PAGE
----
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67 St. John's Law Review 757 (1993)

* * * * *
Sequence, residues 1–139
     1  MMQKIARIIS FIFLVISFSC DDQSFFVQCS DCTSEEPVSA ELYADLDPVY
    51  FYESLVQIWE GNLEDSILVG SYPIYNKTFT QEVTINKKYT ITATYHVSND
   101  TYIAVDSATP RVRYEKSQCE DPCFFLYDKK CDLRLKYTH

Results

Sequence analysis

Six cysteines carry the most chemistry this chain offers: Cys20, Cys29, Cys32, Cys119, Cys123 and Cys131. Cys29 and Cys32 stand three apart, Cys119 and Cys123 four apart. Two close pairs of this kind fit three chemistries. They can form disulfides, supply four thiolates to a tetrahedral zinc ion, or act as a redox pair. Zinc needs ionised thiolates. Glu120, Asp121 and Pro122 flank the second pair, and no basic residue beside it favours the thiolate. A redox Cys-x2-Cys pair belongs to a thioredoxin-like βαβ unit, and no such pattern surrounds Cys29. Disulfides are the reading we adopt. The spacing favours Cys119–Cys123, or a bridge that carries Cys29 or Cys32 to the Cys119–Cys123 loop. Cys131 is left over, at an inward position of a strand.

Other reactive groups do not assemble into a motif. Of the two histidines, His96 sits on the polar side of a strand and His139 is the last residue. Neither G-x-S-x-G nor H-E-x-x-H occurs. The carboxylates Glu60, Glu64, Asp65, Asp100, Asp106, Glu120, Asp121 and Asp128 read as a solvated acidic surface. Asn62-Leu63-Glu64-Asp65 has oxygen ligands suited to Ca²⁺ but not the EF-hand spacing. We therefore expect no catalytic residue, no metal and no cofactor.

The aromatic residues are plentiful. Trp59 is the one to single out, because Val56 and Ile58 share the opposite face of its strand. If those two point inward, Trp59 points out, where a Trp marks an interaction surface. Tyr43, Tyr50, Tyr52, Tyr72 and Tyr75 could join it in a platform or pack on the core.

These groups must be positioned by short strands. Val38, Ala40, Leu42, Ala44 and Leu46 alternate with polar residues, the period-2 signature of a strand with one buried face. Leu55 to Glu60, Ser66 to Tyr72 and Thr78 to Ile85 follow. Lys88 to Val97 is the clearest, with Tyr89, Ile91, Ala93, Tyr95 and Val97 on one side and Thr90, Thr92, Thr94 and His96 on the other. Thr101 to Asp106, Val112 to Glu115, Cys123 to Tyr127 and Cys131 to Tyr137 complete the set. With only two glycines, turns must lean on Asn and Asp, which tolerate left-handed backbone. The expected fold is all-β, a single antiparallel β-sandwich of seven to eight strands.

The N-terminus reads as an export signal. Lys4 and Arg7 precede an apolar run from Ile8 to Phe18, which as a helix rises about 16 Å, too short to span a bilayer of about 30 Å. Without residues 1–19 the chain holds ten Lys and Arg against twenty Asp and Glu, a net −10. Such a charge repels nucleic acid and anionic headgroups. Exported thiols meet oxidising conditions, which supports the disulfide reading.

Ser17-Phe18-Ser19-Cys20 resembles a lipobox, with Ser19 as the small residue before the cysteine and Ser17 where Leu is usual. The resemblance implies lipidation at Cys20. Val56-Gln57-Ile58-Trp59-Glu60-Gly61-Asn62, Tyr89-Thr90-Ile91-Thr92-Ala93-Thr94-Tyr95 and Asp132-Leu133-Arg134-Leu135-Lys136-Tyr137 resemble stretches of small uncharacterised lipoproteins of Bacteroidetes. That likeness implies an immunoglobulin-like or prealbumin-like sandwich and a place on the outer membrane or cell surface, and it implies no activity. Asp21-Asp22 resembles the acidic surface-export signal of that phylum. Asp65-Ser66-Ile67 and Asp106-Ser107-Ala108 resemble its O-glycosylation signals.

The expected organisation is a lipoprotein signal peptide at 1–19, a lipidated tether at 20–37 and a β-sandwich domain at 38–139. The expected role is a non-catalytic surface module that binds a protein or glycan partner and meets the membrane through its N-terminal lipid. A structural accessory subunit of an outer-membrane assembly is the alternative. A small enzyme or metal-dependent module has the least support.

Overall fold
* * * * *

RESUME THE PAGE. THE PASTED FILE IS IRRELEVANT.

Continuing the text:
This Article examines the relationship between federal district court judicial vacancies --whether caused by the executive branch's failure to timely nominate judges, Congress's failure to confirm presidential nominees, or some other reason -- and delays in processing the civil caseload. The hypotheses tested are several configurations of the hypothesis “judicial vacancies cause delay.” The statistical method of analysis of covariance is used to test this hypothesis and thereby evaluate the degree to which delays, defined by reference to certain case management statistics, are correlated to vacancy rates in individual federal district courts, and within the federal system as a whole. My conclusions may be surprising to some. The data analyzed ultimately suggest that, whether vacancy rates are expressed in terms of absolute vacancies or as a percentage of judicial capacity and adjusting for differences among courts as to caseloads and other objective factors that might also cause delay, there is no relationship between judicial vacancies and the traditional indicators that the Administrative Office of the United States Courts (“AO”) has used to measure civil litigation delay in the district courts. Part I explains the data used in the analyses, discusses the methodology, and sets forth and explains the results. Part II offers some explanations for the lack of relationship that the data clearly showed, and some conjecture about the more probable causes of unacceptable delay that concededly exists in many federal courts today.